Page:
“The process can take up to two years,” Federico said. “The idea was that if we could expedite the process, she would have the appropriate visa to get through Taliban checkpoints to the Kabul airport, where she would hopefully pass through gates to be flown out.”
Levin submitted a formal inquiry to State Department for a status of her visa. But a response could take up to 30 days.
“I’ve lost faith in the possibility of getting her visa expedited,” Federico said.
In a statement to Dana Point Times, Levin agreed in the critical nature of evacuating as many Afghan allies as possible, particularly women and children who are most at risk from violence.
“I am encouraged by the number of evacuations of Americans and Afghans in recent days; it is clear a full investigation is needed of the withdrawal effort and the strategic decisions in the country from the Bush-Cheney Administration onward,” Levin said.
Farid and his wife still had a difficult decision to make: Should they risk an attempt for her to get to the airport without any guarantee she could get into the U.S.?
The Federicos and Farid gathered as much information as they could on which entry points and which gate to go to. Certain access points, they were told, were being controlled by Taliban. Farid’s wife would need to be strategic in her arrival.
“Through a really dedicated and loyal network of active duty and former Marines, we were able to get enough info on which gate she needed to get to,” Federico said. “We were also able to get Farid’s mother out, too.”
Farid’s mother and wife boarded a flight to Qatar out of Kabul on approximately Aug. 25—and while the departure brings an enormous relief to Farid and the Federicos, her visa status and placement remains up in the air.
“I’m hoping (Farid’s wife) is considered a visa applicant and not a refugee,” Federico said. “The biggest frustration is we go and tell Afghans to use the government process and fill out paperwork and go through official channels … that’s what we tell people who want to come here. And then the people who risk their lives are left the most vulnerable.”
The United Nations defines a refugee as someone who is unable or unwilling to return to their country of origin, owing to a well-founded fear of being persecuted for reasons of race, religion, nationality, membership of a particular social group, or political opinion.
Being given a refugee status could delay Farid’s wife from being reunited with her husband. While she has the advantage of knowing some English, the process of placement takes years and poses unique challenges to women who are placed in countries with a wider gap in gender equality.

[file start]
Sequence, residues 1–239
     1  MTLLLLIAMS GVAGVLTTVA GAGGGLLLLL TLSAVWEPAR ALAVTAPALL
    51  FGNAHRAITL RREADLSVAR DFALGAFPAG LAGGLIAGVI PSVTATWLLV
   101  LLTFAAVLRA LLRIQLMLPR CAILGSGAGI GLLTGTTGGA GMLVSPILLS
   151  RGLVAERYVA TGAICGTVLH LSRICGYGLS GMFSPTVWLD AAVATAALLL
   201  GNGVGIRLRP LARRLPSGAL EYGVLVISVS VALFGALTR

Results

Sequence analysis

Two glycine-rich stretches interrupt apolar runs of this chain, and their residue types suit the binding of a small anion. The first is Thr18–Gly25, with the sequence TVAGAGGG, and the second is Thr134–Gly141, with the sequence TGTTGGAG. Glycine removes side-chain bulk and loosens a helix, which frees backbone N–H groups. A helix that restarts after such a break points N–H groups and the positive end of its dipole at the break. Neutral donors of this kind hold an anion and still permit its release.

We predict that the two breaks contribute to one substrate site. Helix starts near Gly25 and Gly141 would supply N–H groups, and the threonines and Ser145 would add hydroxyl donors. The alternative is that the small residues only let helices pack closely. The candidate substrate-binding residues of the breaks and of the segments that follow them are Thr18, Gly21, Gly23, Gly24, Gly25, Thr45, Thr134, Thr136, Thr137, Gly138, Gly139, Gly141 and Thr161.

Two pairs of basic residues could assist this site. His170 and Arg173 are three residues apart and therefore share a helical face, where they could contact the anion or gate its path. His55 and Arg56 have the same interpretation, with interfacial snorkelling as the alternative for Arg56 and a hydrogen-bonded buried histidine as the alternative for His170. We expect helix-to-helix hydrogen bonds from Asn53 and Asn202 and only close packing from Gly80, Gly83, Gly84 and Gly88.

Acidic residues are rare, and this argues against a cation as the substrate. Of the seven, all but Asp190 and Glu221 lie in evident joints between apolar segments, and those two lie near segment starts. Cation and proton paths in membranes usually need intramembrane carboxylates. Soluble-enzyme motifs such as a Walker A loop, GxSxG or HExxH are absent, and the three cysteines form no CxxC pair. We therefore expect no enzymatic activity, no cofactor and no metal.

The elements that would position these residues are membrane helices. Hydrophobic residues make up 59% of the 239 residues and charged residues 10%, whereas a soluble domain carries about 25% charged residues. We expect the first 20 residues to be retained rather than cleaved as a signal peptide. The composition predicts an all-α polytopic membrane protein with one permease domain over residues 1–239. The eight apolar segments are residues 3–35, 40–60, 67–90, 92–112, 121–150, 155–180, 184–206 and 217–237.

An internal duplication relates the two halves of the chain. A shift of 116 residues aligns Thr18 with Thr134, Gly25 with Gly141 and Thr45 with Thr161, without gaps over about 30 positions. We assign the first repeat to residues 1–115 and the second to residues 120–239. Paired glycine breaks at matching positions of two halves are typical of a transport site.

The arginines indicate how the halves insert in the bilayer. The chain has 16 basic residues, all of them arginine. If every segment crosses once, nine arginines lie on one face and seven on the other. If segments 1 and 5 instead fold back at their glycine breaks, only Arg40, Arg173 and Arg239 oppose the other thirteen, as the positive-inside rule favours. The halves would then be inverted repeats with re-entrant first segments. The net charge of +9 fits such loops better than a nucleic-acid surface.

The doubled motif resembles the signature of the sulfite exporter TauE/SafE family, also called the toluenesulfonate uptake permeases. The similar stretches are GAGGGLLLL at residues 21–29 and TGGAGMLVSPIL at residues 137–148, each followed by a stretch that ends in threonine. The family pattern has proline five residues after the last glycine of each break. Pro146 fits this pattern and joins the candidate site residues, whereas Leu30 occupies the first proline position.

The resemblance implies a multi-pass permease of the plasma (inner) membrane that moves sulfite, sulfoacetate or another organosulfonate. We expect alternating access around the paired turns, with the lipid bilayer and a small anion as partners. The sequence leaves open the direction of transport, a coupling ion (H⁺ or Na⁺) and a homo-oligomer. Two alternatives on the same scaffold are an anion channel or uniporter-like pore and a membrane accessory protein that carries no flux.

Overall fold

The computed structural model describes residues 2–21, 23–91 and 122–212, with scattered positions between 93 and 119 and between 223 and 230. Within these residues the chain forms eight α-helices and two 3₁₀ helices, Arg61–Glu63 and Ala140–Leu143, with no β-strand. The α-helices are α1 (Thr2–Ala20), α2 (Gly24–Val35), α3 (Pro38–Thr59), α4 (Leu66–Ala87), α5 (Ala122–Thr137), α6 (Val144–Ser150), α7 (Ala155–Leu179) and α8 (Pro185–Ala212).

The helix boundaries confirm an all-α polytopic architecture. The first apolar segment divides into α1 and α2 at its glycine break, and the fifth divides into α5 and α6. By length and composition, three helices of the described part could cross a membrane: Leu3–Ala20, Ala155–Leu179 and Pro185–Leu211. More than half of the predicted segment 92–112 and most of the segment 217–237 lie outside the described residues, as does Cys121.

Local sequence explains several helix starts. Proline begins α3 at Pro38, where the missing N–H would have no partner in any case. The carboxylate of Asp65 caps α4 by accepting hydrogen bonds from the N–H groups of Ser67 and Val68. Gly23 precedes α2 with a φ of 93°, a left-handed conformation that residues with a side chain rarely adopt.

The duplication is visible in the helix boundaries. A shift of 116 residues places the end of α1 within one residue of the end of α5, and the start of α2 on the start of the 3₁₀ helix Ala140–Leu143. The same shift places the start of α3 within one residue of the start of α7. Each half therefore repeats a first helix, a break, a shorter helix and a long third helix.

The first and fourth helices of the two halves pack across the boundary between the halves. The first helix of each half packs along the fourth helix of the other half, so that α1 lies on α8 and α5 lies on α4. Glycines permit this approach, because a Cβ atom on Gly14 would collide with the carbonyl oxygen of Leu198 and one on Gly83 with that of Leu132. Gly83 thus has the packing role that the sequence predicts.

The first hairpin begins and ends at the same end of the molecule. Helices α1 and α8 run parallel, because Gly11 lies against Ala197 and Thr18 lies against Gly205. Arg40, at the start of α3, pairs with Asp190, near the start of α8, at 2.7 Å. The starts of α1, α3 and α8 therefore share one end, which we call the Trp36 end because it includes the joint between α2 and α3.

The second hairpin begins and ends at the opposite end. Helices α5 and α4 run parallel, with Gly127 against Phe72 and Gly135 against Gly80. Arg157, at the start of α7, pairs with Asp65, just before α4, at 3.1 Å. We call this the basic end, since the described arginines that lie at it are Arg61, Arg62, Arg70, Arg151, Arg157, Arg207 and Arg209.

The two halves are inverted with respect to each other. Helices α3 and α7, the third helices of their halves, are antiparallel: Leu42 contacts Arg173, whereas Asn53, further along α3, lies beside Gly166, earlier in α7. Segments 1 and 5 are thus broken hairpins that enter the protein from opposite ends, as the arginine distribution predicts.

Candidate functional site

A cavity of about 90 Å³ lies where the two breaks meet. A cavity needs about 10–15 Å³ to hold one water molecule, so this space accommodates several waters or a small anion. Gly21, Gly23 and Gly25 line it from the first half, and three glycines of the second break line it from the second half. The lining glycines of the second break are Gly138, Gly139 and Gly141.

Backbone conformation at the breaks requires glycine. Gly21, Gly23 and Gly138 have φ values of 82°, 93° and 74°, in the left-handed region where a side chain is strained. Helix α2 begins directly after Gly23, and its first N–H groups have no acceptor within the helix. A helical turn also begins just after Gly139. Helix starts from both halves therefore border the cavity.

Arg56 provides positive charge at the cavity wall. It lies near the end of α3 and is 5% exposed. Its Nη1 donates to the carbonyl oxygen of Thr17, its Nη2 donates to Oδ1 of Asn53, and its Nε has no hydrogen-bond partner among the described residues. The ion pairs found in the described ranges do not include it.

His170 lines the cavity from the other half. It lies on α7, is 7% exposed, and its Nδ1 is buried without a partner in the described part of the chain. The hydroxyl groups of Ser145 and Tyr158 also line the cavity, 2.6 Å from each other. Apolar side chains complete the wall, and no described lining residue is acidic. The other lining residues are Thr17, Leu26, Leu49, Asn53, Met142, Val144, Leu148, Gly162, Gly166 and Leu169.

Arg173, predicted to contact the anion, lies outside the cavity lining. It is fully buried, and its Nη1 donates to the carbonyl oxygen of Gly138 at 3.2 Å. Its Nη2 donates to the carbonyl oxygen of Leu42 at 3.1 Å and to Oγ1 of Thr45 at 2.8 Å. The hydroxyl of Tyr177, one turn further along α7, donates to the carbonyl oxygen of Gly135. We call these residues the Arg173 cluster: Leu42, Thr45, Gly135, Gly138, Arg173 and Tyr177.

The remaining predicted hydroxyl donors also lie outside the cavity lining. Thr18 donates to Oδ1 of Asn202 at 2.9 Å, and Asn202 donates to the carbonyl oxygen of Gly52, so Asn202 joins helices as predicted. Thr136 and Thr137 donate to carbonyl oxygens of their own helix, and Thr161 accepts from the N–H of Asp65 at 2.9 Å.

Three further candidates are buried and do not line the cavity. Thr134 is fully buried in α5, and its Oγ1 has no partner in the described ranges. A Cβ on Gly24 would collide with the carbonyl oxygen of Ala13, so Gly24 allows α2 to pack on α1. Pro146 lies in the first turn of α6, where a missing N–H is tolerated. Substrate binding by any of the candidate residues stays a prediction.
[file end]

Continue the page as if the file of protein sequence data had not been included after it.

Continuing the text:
Even with the long journey that still lies ahead, Farid appreciates the fortune of their escape from Kabul.
“The Taliban killed my cousin three weeks ago,” Farid said. “I’m learning that they are killing interpreters, killing relatives. It is complete chaos. You’re only seeing a fraction of it in the media.”
While Farid did not anticipate the level of crisis that is ongoing in Afghanistan, advocates such as Steven Miska, a San Clemente resident, have long been working to protect interpreters in hostile territory.
Miska, a retired U.S. Army Colonel, served 25 years in the military and served on the National Security Council for the White House. In 2007, he led a team that established an underground railroad for dozens of interpreters from Baghdad to Amman to the United States, during the height of sectarian violence in Iraq.
“I owe my life to the interpreters I’ve worked with. They risk their lives to bridge gaps in communication for us,” Miska said. “We can’t leave them behind.”
The Pacific Council has partnered with members including Miska, who is also executive director of First Amendment Voice, and Nell Cady-Kruse, risk consultant, to create the “Evacuate Our Allies” Operations Center to help evacuate U.S. allies in Afghanistan. Miska is now helping lead a 24/7 crisis hotline for it and operating out of an office suite under the Pacific Council on International Policy in downtown Los Angeles.
Volunteers have been working 8 to 12 hours per day on-site, taking phone calls and fielding emails from nonprofit partners engaged in helping to evacuate allies from the Kabul Airport to third-party countries, U.S. receiving sites, and local resettlement agencies.
“We’ve been sharing information among a coalition of networks dedicated to this rapid response,” Miska said. “It’s taken a lot of effort to network and get what each individual needs. But it’s so important that we do.”
For those interested in making a donation to support the “Evacuate Our Allies” Operations, visit pacificcouncil.org/content/rapid-response-afghanistan.
“The involved organizations don’t normally combine together for humanitarian issues, but this is a big deal in the veteran community, and we stand by our partners,” Miska said. “This is not a Biden issue. This is an American issue.”